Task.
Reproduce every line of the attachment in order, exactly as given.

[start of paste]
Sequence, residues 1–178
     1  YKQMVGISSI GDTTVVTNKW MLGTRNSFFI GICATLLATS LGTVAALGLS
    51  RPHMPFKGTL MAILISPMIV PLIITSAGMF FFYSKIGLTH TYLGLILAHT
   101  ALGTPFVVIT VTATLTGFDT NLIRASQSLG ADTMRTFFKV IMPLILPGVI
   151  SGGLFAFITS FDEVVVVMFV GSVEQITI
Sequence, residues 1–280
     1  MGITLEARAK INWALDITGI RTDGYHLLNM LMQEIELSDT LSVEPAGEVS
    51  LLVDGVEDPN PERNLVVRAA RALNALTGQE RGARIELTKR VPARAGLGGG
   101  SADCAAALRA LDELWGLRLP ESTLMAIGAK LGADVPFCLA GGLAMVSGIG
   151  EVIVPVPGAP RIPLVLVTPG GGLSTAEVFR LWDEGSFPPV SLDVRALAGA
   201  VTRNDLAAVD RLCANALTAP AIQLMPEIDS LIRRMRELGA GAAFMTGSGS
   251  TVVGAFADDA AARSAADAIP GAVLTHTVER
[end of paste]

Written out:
Sequence, residues 1–178
     1  YKQMVGISSI GDTTVVTNKW MLGTRNSFFI GICATLLATS LGTVAALGLS
    51  RPHMPFKGTL MAILISPMIV PLIITSAGMF FFYSKIGLTH TYLGLILAHT
   101  ALGTPFVVIT VTATLTGFDT NLIRASQSLG ADTMRTFFKV IMPLILPGVI
   151  SGGLFAFITS FDEVVVVMFV GSVEQITI
Sequence, residues 1–280
     1  MGITLEARAK INWALDITGI RTDGYHLLNM LMQEIELSDT LSVEPAGEVS
    51  LLVDGVEDPN PERNLVVRAA RALNALTGQE RGARIELTKR VPARAGLGGG
   101  SADCAAALRA LDELWGLRLP ESTLMAIGAK LGADVPFCLA GGLAMVSGIG
   151  EVIVPVPGAP RIPLVLVTPG GGLSTAEVFR LWDEGSFPPV SLDVRALAGA
   201  VTRNDLAAVD RLCANALTAP AIQLMPEIDS LIRRMRELGA GAAFMTGSGS
   251  TVVGAFADDA AARSAADAIP GAVLTHTVER